The scenarios give estimates for key indicators for 2030, such as the sectoral breakdown of freight and passenger transport, energy consumption by source, the total CO 2 emissions from transport and car fleet size.

The integrated scenario estimates that CO 2 emissions from all transport modes will drop by 10% due to policy measures and the resulting changes in technology and shifts between transport modes. The biggest decrease comes from road, with a fall in CO 2 emissions of -17% and shift in its share of transport from 75% to 70%. Meanwhile, rail will increase its market share, while air will remain the same.

The project made a number of recommendations for future policies, based on its projections. “The integrated scenario shows one way forward,” said project coordinator Dr. Wolfgang Schade, from Fraunhofer-ISI “Overall, it showed that the policy measures implemented in the integrated scenario will not be enough to meet the EU’s [climate and energy] goals.”


Schade emphasised that this was the first attempt to link previous models on individual policy areas. “The project was a learning process,” he said. “It sheds light on the problems of trying to link these different policy areas into one model. What we can do in future modelling is link better to the strategic level.”

For example, actions at the urban level were underrepresented but could make significant contributions, he added.

“Another important area is to consider ‘trend breaks’ when we look at scenarios up to 2030,” continued Schade. “It is clear we will change from dependence on fossil fuels to mixed energy sources but the technologies to enable this are not clear. For instance, we have difficulties forecasting the development of batteries.”


Representatives of the various sectors involved in transport and energy were involved throughout the project and their input was invaluable to shaping the project. Another important factor was the economic crisis that hit in 2008. It occurred in the middle of the project and its effects were factored into the scenarios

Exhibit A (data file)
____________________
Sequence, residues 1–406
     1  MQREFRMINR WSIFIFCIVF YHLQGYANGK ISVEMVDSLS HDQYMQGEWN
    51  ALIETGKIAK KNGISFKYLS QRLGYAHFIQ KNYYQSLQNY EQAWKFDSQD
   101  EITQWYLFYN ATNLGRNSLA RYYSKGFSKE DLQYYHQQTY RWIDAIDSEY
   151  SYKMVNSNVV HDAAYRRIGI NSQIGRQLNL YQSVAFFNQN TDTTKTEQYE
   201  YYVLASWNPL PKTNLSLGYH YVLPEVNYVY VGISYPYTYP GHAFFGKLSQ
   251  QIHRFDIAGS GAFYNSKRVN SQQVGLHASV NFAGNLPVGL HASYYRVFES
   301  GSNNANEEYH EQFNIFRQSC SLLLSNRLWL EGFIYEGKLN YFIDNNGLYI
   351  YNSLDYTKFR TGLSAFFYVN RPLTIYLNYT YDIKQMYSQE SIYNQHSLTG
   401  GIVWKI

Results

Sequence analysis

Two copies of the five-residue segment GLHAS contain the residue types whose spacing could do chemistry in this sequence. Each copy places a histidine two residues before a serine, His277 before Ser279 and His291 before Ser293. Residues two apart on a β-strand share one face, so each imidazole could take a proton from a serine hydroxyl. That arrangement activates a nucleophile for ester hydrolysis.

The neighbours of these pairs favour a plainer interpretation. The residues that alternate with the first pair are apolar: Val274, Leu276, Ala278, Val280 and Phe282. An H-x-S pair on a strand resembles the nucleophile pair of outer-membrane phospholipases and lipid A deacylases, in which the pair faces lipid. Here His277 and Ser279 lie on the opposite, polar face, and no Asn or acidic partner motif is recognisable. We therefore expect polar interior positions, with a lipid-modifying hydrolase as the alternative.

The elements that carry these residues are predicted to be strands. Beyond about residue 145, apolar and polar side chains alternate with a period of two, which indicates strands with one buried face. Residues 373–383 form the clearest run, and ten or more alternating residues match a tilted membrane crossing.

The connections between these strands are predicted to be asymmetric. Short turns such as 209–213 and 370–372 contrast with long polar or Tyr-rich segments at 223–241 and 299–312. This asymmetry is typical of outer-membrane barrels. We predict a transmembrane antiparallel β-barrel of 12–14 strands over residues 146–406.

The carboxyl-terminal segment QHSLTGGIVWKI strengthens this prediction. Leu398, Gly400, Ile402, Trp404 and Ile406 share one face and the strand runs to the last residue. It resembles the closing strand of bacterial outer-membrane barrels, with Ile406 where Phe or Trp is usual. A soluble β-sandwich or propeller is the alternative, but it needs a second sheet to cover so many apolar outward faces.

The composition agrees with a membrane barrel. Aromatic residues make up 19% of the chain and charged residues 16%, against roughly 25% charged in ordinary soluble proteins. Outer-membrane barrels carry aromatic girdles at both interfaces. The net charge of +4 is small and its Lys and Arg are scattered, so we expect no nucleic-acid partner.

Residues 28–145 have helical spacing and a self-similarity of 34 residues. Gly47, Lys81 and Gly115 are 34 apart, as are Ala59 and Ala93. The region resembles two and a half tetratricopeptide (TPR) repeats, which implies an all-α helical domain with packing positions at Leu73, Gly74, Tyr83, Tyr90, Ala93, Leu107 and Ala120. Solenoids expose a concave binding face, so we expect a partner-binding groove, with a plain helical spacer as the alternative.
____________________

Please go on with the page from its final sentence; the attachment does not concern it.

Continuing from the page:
Many of the stakeholders present at the event gave their input into what was needed now to create the tools and improve the accuracy and refine the modelling. Relevant areas to look into in the future would be able to better assess the effects of individual measures or the ability to break results down geographically, look at regional traffic flows or localised environmental effects, for instance.

“The next steps will be to look at the effects of individual policies. We need to be able to use modelling to test policies,” said Frederik Rasmussen, from the European Commission’s Directorate General for transport and energy (DG TREN). An example would be able to see the link between fleet composition and fuel prices, he added. “We need to be able to know where effects can have the most effect.”

However, he warned that policymakers would have to understand better the advantages of using an integrated approach over individual modelling tools.

The JRC will build on the project’s work. An FP7 project that is just starting, GHG TransPoRD, will be using the same models to further the link between research and development and policy, said Schade.

With the major part of the research completed, the final deliverables will be finished by December.